Cave Diving Basics – by Matt London

Here is a brief outline of the Hogarth / DIR regulator hose configuration method for back-mounted doubles that I use. If you are planning on participating in technical cave diving, tech or overhead diver training curriculums then you should definitely familiarize yourself with this material. The following are the most FAQ’s of hose valve configuration.

technical cave diving regulator right post

Why the long hose primary regulator on the right post?

The long hose or primary breathing regulator is always on the right post in cave diving. The primary reason for the “long hose on right post” rule is that the left post on the double tank manifold can actually “roll off” or be turned or rotated to the “off” position, if accidentally bumped or rubbed against the cave ceiling, causing an interruption in breathing gas delivery. The right post on the other hand will tend to “roll-on” or into the “on” position if accidentally bumped or rubbed against something. The idea being that in the unlikely event that you should experience a left valve “roll off” during an air share emergency your buddy, the stressed diver in need (now with the long hose regulator from right post), is assured of an uninterrupted breathing gas supply during exit. The donating diver is in a much better position to reach the left valve located on his/her back in case of roll off.

Why does the BC inflator supply hose on the right post?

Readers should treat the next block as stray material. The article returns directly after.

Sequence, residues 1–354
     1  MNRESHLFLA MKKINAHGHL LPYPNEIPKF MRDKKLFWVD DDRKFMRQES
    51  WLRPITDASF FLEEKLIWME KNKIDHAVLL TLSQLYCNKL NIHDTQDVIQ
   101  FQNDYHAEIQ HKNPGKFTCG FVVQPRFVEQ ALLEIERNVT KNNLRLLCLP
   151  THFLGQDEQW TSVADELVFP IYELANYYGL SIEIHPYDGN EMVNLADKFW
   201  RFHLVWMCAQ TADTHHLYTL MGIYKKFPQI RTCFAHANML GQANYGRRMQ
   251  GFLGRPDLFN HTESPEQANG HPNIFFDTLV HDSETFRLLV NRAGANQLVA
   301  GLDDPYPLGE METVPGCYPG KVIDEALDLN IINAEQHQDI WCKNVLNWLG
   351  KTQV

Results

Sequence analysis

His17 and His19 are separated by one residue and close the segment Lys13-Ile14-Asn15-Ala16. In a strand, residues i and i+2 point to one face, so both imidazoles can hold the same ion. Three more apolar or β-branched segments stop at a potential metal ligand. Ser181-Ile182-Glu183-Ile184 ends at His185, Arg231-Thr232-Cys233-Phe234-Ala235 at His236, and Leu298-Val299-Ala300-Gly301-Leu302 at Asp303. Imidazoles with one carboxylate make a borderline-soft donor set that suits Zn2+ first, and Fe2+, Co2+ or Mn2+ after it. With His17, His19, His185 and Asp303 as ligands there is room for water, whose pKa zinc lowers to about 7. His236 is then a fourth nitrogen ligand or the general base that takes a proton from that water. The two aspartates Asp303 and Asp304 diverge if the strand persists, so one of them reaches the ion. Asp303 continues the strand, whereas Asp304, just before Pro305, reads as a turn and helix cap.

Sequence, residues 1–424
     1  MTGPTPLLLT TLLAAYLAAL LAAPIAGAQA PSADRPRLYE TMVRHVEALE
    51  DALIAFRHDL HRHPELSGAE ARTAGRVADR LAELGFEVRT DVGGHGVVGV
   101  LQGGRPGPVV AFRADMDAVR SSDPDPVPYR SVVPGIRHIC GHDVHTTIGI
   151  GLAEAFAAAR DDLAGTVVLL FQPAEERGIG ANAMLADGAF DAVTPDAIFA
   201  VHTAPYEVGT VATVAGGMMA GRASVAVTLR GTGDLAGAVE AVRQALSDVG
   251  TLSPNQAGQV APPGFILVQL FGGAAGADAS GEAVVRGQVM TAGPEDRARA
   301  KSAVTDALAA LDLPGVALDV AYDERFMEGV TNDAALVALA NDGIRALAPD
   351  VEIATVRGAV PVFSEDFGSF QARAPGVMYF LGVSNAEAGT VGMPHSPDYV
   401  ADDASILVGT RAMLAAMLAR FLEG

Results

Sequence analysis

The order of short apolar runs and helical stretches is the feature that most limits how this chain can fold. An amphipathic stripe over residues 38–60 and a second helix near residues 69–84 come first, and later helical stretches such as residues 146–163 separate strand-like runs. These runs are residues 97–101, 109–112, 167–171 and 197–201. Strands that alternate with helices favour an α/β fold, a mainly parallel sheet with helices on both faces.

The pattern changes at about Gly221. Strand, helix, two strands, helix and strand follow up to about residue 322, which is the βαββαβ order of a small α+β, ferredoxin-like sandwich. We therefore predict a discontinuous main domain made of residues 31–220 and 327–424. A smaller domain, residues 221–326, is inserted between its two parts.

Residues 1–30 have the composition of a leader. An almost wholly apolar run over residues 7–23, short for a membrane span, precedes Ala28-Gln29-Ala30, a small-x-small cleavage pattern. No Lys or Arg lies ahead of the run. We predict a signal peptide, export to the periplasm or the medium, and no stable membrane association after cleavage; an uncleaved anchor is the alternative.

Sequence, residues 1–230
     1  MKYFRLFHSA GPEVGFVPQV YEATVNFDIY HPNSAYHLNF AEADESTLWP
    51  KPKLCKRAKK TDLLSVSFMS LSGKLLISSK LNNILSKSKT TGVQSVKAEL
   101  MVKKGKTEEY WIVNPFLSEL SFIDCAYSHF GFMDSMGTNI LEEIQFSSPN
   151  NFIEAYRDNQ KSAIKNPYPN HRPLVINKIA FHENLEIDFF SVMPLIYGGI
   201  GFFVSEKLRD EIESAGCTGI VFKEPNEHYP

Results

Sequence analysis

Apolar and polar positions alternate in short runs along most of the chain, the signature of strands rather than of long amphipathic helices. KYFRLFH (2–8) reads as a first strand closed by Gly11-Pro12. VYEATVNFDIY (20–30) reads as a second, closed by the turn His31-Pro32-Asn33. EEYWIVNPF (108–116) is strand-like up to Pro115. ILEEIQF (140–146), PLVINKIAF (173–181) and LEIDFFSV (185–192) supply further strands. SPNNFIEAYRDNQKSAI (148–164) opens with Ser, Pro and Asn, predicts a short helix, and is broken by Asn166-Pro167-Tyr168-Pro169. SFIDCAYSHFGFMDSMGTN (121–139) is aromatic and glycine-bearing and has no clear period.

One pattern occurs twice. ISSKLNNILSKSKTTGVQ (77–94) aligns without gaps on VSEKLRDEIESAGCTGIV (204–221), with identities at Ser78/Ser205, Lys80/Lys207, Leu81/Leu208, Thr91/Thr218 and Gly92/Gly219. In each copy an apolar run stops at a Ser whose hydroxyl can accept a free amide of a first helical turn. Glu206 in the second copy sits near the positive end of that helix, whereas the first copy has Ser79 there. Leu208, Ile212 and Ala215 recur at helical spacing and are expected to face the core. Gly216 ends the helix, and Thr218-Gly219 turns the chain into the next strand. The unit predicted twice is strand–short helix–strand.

If in the same air sharing scenario as above you managed to smash into the cave ceiling with enough force that your left valve “rolls off” and “breaks off” (out of order) the BC inflator can be used as the third “manual” backup regulator. By depressing the inflator and deflator simultaneously you can draw a breath of air. It’s almost like having two regulators now coming off the right post (one old style “manual” and one “on-demand”) so you can continue donating air from your long hose while you are breathing off the BC inflator. But seriously in an all out emergency this could save you and your buddies life’s. THE BONUS: because you’re constantly adjusting buoyancy during the dive, you are in effect, continuously testing your second “manual” backup regulator.

Another good reason for installing the BC inflator hose on the right valve post is so that you never loose buoyancy in the event of a left valve “roll-off”. The alternate rationale for placing the inflator hose on the left post is to provide an alert of an accidental left post turn off. The problem is that you are likely to discover this situation when you go to inflate during a loss of buoyancy which could cause you to crash into something like a silty cave floor before you can get the left post turned back on again. That could put you and the dive team in an uncompromising or even dangerous situation.

Why the pressure gauge on the left valve post?

While on the topic of the Hogarthian cave diving double tank hose configuration the HP gauge is also connected to the left valve post because mounting the gauge in this fashion assures recognition of accidental left valve “roll-off”. Example: If your HP gauge is not registering gas consumption you should check the left valve for a “roll off” before assuming that your pressure gauge is faulty or that you are breathing like a bird.

Why the back-up regulator on the left post?

Just one more time, because in an out of air (OOA) exit the donating diver is in a much better position to easily manipulate the valves supplying gas to both divers. If you are breathing from your back-up regulator, mounted to the left post, like you should then in the unlikely event you experience a roll-off you simply reach back and open the valve.;-))

Happy cave diving !

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